Wednesday, June 1, 2011

Chicago: Day 4: Cold Culture

In December 2009, my mother and I went to Chicago. Here is Day 4 of the trip report. 


Brutally cold on Thursday!

Nevertheless, we sashayed out of the hotel and decided to turn left instead of the usual right, then got on a bus whose driver said, yes, she goes to the Chicago Cultural Center, only to take us out to east jesus by the Chicago History Museum. Wow, was it cold! We blew into the history museum and asked how to get to the Chicago Cultural Center (hereafter referred to as CCC), and the guy suggested that perhaps we'd just like to take a look around his museum. When I demurred, he gave me directions to the CCC, then asked, "Why do you want to go there, anyway?"

Carol ventured the same question, to which I snarled "because it's a must-see for me."

So we entered out into the cold again, and lurched, shivering, for about a block (as it turns out we were practically on the lake), and got on the right bus.

Did I say how cold it was?

Chicago Cultural Center

The CCC is the former Chicago Public Library. It has an immense decorative dome with a gigantic Tiffany chandelier. Or maybe the entire dome is Tiffany; I don't know. But it's beautiful. The CCC has musical, dance, or dramatic performances daily. There are art exhibits on several floors. There is also a visitor center. Carol, obviously nursing some kind of grudge, pronounced it "barn-like" as we left.

Chicago Cultural Center

After the CCC, we walked three blocks to Daly Plaza (site of the Picasso sculpture). The kristkindlmarket is there this time of year, so it's filled with German vendors and wares. This includes the bratwurst and potato pancakes we enjoyed for lunch. We ate same in the Timber House, which is sort of like a beer hall. Picnic tables. Pretty well heated.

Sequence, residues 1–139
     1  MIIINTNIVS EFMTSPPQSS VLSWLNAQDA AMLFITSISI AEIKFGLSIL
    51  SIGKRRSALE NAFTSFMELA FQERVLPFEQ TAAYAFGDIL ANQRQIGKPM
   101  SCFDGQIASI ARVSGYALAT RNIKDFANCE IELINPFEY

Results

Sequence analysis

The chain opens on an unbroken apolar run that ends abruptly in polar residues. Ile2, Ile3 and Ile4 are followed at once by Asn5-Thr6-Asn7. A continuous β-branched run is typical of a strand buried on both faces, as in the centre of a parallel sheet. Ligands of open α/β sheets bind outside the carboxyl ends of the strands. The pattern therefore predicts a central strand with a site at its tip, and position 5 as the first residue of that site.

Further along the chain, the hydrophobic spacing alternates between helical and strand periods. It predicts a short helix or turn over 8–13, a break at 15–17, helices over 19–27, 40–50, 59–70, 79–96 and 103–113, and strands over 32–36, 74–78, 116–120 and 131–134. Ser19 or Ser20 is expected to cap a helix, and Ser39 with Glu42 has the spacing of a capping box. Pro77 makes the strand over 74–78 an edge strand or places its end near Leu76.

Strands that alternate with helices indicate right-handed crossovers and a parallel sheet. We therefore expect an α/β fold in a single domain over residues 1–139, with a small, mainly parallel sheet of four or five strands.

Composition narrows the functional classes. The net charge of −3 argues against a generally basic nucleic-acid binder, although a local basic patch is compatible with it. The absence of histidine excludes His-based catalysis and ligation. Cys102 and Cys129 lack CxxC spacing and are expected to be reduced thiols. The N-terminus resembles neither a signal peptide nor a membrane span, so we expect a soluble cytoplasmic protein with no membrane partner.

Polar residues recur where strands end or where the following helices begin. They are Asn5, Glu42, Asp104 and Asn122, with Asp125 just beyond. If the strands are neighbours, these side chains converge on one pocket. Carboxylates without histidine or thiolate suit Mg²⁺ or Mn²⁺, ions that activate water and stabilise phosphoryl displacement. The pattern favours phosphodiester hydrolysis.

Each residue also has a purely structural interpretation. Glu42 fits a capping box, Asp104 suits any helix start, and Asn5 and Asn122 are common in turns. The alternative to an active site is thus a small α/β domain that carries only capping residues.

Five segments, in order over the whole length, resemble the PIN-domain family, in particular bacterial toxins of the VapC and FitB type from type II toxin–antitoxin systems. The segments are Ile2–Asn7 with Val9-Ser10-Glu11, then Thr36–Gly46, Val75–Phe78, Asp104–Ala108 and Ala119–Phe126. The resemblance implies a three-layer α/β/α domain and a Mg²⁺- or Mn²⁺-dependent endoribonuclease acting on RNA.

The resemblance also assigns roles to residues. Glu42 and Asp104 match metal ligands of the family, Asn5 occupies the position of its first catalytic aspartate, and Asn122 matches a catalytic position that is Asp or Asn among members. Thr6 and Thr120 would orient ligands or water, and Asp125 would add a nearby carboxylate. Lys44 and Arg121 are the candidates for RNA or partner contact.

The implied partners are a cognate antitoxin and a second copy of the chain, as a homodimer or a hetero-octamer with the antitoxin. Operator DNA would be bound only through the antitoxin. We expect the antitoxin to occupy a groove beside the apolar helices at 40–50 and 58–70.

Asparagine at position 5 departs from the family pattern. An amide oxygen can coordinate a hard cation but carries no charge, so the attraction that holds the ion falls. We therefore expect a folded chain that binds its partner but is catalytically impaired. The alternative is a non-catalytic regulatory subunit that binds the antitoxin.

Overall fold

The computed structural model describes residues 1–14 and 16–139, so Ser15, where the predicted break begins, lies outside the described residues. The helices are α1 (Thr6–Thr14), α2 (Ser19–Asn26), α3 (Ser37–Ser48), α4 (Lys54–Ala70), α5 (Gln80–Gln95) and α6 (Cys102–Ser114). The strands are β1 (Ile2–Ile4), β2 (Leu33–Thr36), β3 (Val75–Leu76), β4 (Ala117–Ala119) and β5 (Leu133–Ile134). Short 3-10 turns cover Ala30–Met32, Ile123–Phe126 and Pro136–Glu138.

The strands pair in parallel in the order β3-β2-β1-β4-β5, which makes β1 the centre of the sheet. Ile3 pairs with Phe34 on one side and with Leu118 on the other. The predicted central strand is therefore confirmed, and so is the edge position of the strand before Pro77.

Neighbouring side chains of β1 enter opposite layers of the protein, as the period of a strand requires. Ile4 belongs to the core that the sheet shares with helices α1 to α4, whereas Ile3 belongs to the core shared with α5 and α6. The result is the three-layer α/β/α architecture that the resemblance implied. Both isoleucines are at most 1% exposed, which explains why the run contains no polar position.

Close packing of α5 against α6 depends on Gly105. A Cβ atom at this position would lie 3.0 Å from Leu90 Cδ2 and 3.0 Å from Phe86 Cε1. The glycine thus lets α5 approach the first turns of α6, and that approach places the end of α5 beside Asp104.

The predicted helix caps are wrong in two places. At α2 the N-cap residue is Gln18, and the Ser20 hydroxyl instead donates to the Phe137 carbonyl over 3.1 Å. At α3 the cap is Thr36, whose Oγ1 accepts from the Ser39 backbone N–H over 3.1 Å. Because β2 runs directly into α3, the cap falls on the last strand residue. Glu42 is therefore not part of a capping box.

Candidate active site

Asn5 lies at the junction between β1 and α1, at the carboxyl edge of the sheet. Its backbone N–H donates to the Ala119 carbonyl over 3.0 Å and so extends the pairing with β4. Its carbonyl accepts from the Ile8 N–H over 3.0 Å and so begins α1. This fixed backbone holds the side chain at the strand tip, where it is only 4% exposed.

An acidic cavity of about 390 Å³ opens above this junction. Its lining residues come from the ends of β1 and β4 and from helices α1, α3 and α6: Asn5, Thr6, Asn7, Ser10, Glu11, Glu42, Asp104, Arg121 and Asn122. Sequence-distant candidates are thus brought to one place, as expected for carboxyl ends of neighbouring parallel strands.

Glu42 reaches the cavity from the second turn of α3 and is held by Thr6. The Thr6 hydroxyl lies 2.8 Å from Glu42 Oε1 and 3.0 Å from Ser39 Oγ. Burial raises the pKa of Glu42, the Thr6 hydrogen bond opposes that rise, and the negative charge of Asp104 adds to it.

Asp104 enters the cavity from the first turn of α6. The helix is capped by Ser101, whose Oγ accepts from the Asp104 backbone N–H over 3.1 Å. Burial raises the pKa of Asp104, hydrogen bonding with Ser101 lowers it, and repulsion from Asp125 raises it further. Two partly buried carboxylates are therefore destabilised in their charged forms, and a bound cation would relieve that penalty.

Ethiopian art, Chicago Art Institute

Our next destination was the Art Institute, a cavernous ("barn-like") building that housed, you know, like, art. We split up and joined together a couple of times as we perused the stock. Carol was most taken with the impressionists, particularly Monet's six versions of haystacks. She had just remarked earlier that day how she loved when an artist repeated a piece over and over and over again.

Doorway, Chicago Art Institute

Sated with culture, we returned to our hotel. Later, we went downstairs for dinner at the little Italian place. Carol enjoyed a Manhattan and I warmed up with a cup of coffee.


As a Lady of a Certain Age times two, I think I did extremely well - each of three days walking without complaint for miles before I slept. Generally we forged out each morning around 9 AM, took numerous buses and a few memorable times the subway, walked briskly (me tottering gamely after the Guide) and both up and down many, many steps into the wonderful world of the tourist. As the Guide once proclaimed "when a person is in an unfamiliar setting the brain turns to mush" - very apt since at every bus that opened its doors for passengers who knew where they were going, she would dart forward and ask the driver how to get to where she wanted to go...I held back and tried to look like a knowledgeable native.

Caillebot's Paris Street, Chicago Art Institute


you're killing me! you are so funny!

Again, are you taking reservations for the next trip?

LOL :)

Millennium Park, Chicago

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